". . . it is important to remember that the relevant duty of the Tribunal is to ensure that a party is given a reasonable opportunity to present his case. Neither the Act nor the common law imposes upon the Tribunal the impossible task of ensuring that a party takes the best advantage of the opportunity to which he is entitled [Cf: Gaudron J in Re: Association of Architects of Australia; Ex parte Municipal Officers Association of Australia (1989) 63 ALJR 298 at 305].
 It is the responsibility of parties to put the whole of their case properly, and to call all relevant evidence, at first instance. The process in the Commission is not inquisitorial. As a result, failure to call all relevant evidence may not be sufficient to justify the granting of leave to appeal (see: Ross VP, Drake DP and Palmer C in Uink v. Department of Social Security, Print P7680, 24 December 1997; and Polites SDP, Watson SDP and Gay C in Parker v. Office Interiors Pty Ltd, Print Q5712, 2 September 1998).
 Prejudice to the respondent was referred to but not considered as militating against the applicant because there was no representation on behalf of the respondent. The merit of the applicant's claim was considered as neutral in the circumstances by the Senior Deputy President.
 The statutory note appended to s.170CE(7) and (7A) refers to the decision in Brodie-Hanns v. MTV Publishing Ltd [(1995) 67 IR 298] and the matters there set down are considered relevant by the Commission. While the absence of an adequate explanation is not immediately damning for an extension of time the first of those principles is worth restating:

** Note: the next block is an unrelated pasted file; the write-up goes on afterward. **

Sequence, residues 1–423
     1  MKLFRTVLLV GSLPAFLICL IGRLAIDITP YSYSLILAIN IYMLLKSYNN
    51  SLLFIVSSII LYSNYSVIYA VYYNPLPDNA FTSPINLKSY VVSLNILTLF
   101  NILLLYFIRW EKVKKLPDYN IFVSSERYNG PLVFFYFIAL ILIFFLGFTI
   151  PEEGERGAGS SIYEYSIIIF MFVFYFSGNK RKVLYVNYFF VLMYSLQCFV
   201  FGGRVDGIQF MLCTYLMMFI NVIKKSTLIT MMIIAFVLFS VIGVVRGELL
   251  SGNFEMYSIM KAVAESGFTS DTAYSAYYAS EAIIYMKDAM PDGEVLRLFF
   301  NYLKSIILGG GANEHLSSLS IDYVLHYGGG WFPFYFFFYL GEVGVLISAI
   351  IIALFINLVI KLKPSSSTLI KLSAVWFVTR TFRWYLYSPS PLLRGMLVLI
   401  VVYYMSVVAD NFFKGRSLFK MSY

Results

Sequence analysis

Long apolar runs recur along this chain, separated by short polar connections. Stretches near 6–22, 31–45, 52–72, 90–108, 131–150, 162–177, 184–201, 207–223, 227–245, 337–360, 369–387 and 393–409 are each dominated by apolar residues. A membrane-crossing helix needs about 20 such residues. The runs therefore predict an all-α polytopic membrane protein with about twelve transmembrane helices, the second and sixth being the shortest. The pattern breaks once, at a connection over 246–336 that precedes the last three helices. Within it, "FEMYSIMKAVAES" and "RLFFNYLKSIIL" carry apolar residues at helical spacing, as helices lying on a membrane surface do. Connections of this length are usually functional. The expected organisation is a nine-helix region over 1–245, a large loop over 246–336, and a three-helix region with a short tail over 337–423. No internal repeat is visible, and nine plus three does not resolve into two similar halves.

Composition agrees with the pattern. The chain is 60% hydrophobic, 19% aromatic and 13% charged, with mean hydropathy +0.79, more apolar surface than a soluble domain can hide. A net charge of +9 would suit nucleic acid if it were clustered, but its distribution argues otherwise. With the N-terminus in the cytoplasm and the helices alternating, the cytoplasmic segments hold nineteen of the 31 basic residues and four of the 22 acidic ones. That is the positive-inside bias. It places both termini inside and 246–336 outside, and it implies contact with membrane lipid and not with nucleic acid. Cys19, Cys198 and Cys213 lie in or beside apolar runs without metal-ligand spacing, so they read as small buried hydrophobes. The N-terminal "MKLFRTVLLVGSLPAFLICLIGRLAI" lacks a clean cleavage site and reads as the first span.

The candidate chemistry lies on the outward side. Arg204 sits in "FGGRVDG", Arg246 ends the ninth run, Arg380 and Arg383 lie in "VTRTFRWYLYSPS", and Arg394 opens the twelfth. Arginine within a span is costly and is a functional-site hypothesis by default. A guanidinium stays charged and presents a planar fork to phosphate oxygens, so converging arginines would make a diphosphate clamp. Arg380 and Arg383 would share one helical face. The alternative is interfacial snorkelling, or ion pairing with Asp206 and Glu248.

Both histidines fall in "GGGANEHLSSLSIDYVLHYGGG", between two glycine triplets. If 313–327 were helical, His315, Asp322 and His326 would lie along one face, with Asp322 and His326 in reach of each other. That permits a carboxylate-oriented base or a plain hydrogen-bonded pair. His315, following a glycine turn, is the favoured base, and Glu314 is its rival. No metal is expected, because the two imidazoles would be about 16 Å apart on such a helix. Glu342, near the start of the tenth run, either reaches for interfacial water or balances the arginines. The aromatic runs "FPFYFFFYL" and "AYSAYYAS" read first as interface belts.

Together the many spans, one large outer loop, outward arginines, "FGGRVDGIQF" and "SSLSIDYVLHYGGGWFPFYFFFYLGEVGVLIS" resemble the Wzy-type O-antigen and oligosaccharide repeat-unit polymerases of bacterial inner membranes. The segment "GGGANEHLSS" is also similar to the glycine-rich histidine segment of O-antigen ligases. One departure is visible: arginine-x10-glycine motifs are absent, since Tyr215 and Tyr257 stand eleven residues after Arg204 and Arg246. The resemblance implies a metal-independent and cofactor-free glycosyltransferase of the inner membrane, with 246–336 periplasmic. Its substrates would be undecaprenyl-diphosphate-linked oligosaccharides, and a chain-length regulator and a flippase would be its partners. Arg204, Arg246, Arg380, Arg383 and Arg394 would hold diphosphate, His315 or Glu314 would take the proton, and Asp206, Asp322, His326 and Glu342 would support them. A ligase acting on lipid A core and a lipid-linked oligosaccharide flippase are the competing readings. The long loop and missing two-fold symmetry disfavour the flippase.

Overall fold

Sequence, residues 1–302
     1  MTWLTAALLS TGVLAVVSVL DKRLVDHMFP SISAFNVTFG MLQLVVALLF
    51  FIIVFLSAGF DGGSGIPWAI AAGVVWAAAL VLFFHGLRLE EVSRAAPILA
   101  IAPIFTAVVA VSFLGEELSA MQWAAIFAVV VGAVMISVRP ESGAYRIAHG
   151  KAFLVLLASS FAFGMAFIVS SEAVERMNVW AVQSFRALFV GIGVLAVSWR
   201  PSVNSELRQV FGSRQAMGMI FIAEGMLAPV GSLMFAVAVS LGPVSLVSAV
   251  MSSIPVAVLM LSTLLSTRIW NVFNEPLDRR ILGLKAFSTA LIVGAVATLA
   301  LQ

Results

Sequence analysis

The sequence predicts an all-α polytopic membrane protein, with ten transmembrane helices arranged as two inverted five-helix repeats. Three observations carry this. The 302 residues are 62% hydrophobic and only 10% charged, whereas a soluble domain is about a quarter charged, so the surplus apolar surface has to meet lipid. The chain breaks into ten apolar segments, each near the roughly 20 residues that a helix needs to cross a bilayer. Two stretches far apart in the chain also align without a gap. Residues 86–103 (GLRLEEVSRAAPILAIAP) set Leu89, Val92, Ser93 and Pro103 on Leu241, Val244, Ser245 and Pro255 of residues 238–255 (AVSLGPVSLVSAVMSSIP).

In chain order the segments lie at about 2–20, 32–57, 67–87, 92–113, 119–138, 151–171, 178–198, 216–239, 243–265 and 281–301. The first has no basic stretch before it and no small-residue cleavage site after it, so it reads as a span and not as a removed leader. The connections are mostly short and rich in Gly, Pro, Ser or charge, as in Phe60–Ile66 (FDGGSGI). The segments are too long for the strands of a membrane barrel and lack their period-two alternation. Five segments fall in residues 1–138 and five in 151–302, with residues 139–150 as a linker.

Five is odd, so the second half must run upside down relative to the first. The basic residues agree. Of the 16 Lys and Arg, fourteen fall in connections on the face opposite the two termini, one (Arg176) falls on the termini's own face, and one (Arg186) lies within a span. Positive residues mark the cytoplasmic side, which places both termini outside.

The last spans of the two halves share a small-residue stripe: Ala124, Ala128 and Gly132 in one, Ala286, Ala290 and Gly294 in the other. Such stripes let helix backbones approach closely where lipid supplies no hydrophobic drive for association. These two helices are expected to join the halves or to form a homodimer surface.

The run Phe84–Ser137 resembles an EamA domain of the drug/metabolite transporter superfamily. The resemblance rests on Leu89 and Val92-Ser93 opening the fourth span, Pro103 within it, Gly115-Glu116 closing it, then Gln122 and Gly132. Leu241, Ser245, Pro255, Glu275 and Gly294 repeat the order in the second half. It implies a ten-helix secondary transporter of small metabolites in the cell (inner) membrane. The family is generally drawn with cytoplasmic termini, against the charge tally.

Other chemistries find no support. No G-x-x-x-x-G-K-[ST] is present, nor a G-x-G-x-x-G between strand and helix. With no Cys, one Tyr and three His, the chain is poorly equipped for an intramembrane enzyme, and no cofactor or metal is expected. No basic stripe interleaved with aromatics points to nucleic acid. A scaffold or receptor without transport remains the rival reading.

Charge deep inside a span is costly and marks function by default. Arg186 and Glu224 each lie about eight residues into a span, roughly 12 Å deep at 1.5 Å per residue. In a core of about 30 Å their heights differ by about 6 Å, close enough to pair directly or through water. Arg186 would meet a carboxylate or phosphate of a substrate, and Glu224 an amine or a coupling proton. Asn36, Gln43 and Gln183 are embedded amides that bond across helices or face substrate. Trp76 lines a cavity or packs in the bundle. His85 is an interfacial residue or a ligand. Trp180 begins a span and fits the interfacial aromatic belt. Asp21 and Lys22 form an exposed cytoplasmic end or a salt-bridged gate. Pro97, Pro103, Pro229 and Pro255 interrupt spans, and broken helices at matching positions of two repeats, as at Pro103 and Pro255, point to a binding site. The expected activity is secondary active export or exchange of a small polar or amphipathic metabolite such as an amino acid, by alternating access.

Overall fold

"1. Special circumstances are not necessary but the Court must be positively satisfied that the prescribed period should be extended. The prima facie position is that the time limit should be complied with unless there is an acceptable explanation of the delay which "
 In light of the submission on appeal that there is no prejudice to the respondent we draw attention to principles (3) and (4) in Brodie-Hanns:
"3. Prejudice to the respondent including prejudice caused by delay will go against the granting of an extension of time.
4. The mere absence of prejudice to the respondent is an insufficient basis to grant an extension of time."